Brave

Yet another Disney film that features a total of zero people of color.

The really awesome thing about Brave is that it is a movie that is dedicated to the growth of a mother-daughter relationship. At the end, I definitely felt like giving my ma a call and seeing how things were going. This intergenerational relationship is the center of the film, and it’s a nice deviation from finding a true love. The lack of romantic motivation is refreshing. 

Brave is really unique in a film in the sense that Merida is a princess that wants nothing to do with the realm of love. In an archery contest for her hand in marriage, Merida enters in disguise and then wins with triumph. But being a princess, her primary concerns were still princess-like (what to wear, feminine skill training, getting married, etc). Merida is a rebellious tomboy, which is a lot of fun, but she was shoved into the cookie-cutter role of a princess and it just isn’t a place that fits her. 

Merida is a warrior, like Mulan. She believes she is not burdened by gender roles nor should she have to adhere to them. Her mother, however, thought differently, and through a course of events, Merida’s mother, Elinor, is transformed into a bear. Instantly filled with regret, Merida discovers she must mend the tapestry of the family that she tore in a tantrum to break the spell before it comes permanent.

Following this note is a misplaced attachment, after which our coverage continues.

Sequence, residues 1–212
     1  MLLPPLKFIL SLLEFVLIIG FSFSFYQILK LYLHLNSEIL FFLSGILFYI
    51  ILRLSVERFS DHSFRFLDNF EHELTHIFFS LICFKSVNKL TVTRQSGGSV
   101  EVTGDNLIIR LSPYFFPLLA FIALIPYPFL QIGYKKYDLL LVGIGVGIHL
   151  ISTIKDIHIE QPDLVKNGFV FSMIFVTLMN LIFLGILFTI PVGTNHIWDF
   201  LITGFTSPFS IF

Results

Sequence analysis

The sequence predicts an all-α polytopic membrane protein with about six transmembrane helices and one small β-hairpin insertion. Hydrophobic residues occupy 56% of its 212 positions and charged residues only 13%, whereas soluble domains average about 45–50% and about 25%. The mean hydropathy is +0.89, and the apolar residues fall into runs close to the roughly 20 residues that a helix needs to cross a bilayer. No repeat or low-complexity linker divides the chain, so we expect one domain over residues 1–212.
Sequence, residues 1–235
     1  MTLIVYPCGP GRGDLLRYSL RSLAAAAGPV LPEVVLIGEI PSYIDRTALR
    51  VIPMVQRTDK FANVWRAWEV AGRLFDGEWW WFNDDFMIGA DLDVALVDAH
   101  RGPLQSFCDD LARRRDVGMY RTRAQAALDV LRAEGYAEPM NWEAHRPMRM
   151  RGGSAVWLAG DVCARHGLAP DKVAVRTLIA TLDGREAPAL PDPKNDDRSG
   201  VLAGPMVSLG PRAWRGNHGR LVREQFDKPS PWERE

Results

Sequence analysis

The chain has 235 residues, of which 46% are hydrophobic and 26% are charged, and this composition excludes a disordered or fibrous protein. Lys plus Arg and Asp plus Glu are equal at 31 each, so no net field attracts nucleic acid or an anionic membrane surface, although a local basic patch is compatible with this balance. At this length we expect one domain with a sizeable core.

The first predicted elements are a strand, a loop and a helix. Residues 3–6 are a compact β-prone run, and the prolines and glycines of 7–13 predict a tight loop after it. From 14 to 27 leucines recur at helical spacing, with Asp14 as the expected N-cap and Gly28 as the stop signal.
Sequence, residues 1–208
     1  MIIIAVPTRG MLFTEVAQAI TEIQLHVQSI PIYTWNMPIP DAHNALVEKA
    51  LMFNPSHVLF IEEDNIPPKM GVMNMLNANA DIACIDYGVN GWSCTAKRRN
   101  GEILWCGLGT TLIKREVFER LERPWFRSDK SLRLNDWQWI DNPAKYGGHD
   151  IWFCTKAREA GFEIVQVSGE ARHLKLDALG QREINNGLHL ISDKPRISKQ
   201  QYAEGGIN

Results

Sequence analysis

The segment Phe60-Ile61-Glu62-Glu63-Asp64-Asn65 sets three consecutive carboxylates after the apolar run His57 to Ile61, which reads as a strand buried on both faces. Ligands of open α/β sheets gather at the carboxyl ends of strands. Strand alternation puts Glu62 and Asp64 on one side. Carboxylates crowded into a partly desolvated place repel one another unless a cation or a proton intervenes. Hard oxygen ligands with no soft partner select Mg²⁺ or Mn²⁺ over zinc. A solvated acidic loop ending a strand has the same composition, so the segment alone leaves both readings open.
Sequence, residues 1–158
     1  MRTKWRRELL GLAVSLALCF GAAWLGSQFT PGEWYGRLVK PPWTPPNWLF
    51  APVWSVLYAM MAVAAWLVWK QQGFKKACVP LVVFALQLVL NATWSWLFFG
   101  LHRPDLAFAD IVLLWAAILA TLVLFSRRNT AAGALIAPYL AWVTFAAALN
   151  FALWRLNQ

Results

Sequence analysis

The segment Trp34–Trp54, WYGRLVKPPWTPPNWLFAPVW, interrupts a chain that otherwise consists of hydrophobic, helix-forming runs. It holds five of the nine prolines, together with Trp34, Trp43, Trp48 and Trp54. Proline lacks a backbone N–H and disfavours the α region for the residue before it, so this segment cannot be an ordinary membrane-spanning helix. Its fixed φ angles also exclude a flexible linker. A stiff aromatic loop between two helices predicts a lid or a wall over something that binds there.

Now why would our brave (no pun intended) warrior have to save her people, herself, and her mother with a traditionally feminine skill? Was this just another part of being forced into the princess trope? Or did Merida overcome something that was difficult for her, as she was not that great at needlework to begin with (and the needlework completed by her is shabby anyway)?

Feminist rating: 10/10

Passes Bechdel Test

Fails Racial Bechdel Test

 

Frozen

Frozen was recently named the top-grossing animated film of all time. It has sold big, lived big, and nearly every person on Planet Earth has seen the damn film. So, what’s the fuss all about?

There are zero people of color in this movie. It was released in late 2013 and there are ZERO. People. of. Color.

This film is a victim of Disney fans’ “historical accuracy” argument, just like Tangled. Do those people not realize that there is a talking, autonomous snow man and that Elsa has magical ice powers throughout the film? How is that historically accurate? And if you’re going that route, let’s say Frozen takes place in Norway. Norway’s original people were the Sami people, and they looked like this:

Not very European looking. Not the blonde-haired, blue-eyed people that Frozen depicts. Argument invalid.

While the lack of diversity is certainly a problem in this movie, there were some really awesome things that happened as well.